Before putting him on leave, COD board sought to rein in Breuder
Even as they were preparing to offer embattled President Robert Breuder a nearly $763,000 buyout package to step down three years early, College of DuPage trustees were looking for ways to rein him in during the final 15 months of his tenure.
The trustees -- apparently eager to force Breuder out after COD's full-time faculty gave him a vote of no confidence in September 2014 -- met behind closed doors on Dec. 18, to put the finishing touches on the buyout package that would send Breuder packing in March 2016.
An audio recording of that meeting, mailed anonymously this month to the Daily Herald, reveals the discussion touched on plans to provide specific goals and limit the power of Breuder -- primarily to help rebuild the administration's damaged relationship with the faculty.
• Forcing Breuder to drop his college-paid membership at Max McGraw Wildlife Foundation, a private hunting club in Dundee Township.
• Requiring him to send audit reports directly to the board.
• Giving trustees more say about news releases.
• Telling Breuder not to meet on his own with state lawmakers.
• Accounting for how Breuder's $700-a-month professional development stipend was being spent;
• Honoring a committee's recommendations about raises for five faculty members, including faculty union President Glenn Hansen;
• Requiring board approval for negotiations and contract modifications.
On the recording, McGuire is heard saying that previous board chairmen approved Breuder's request to have the college pay for his Max McGraw membership. And while Breuder entertained COD Foundation members and donors at the club, she said he could use COD's upscale Waterleaf restaurant for that purpose.
"We were never personally involved in his (Breuder's) leadership style, and now we can be," McGuire said on the recording. "We need to address the issues that were raised by the vote of no confidence. They (faculty members) have been waiting five months for this."
It's unclear whether Breuder supported all the ideas, which McGuire developed with the help of the board's attorney.
Breuder initially responded by announcing plans to pursue two of the goals, including forming a group of administrators and faculty members to address a faculty survey that gave low marks to the school's administration.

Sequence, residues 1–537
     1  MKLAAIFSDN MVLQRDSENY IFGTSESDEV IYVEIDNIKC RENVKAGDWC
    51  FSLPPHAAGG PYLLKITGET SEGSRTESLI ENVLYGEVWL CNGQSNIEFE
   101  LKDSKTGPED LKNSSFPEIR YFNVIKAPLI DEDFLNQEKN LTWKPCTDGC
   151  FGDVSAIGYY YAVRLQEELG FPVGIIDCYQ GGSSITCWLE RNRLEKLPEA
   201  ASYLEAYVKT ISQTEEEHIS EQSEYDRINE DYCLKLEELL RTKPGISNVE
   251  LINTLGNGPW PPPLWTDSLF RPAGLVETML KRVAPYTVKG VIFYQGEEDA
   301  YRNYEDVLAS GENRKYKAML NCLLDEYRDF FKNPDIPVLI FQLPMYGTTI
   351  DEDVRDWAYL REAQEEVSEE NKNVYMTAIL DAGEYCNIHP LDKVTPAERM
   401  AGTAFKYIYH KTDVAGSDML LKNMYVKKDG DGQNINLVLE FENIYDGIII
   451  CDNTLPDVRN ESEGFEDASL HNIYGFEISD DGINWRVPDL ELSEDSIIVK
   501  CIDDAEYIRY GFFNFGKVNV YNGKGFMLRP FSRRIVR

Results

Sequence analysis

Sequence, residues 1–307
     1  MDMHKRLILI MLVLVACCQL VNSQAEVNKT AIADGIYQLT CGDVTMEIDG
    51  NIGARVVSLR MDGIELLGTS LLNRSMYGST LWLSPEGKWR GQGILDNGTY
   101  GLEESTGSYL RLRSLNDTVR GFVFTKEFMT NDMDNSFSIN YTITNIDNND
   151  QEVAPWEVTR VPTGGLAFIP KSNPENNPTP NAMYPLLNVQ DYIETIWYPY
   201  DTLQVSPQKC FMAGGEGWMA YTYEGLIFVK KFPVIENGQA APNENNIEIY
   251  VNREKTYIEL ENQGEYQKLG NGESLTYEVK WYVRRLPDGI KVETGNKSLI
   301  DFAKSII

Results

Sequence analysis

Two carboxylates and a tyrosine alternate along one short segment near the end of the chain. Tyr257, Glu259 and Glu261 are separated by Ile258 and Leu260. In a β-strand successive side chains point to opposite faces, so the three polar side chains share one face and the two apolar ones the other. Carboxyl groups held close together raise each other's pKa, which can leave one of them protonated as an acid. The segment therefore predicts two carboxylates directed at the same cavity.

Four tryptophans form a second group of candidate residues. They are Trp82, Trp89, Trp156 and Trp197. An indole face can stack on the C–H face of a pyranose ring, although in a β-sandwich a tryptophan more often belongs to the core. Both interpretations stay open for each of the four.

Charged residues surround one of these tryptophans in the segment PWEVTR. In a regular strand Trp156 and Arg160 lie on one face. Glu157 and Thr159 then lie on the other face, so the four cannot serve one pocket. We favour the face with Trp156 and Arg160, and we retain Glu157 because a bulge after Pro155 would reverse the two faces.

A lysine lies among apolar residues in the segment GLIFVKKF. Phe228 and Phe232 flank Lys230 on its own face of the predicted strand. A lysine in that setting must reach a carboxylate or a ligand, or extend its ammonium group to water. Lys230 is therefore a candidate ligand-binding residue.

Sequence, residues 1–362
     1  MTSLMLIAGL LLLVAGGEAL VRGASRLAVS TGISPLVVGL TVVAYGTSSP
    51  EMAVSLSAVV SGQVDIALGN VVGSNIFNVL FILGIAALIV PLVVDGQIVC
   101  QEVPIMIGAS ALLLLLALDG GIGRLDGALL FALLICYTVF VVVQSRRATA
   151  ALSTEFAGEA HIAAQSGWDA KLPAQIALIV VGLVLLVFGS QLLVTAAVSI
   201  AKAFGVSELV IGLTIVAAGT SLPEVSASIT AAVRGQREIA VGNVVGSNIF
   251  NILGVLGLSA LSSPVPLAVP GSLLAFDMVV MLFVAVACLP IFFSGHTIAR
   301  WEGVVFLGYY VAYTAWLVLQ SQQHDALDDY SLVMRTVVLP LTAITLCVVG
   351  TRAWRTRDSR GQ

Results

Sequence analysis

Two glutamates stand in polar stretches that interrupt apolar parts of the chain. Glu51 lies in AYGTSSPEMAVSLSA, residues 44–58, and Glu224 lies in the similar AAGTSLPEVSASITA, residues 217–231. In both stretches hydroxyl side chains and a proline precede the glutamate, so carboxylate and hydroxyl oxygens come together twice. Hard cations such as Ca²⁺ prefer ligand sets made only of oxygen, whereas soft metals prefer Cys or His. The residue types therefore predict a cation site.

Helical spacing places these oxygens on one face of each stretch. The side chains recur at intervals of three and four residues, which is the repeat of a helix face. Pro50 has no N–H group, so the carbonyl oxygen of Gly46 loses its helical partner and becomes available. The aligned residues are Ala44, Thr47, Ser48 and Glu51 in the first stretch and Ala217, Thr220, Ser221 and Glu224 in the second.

Breuder has not commented publicly since he was put on leave. He could not be reached on Wednesday.
Most of the other proposed reforms were never implemented, however, because the buyout package sparked a firestorm of controversy as soon as it was made public in January.
The deal, approved in a 6-1 board vote with only then-Trustee Kathy Hamilton providing opposition, sparked intense media and public scrutiny, triggering state and federal investigations into the Glen Ellyn-based school's administrative practices.
After a new board majority, led by Hamilton, took office, Breuder was put on administrative leave. So instead of being given time to change, he was banned from campus.
While the current board is pursuing own set of changes to how the school is run, McGuire said on Wednesday that the old board was going to act.
"Had all this not happened, it was our intention to develop a different working relationship with Bob," McGuire said. "That just never materialized. There was just so much going on."
McGuire said she also wanted trustees to voluntarily serve on various committees that already have members from the administration and faculty.
The hope, she says, was to create "a more collaborative environment for the college faculty" and to get the faculty, administration and board "on the same page."
"I wanted the faculty to know we were listening," McGuire said. "I wanted the administration to know that we cared."
She acknowledges that some of the changes proposed in December are similar to ideas now being pitched by Hamilton.
"Kathy and I were on the same page in many instances when she first got on the board," she said. "I was concerned about some of the same things she was concerned about."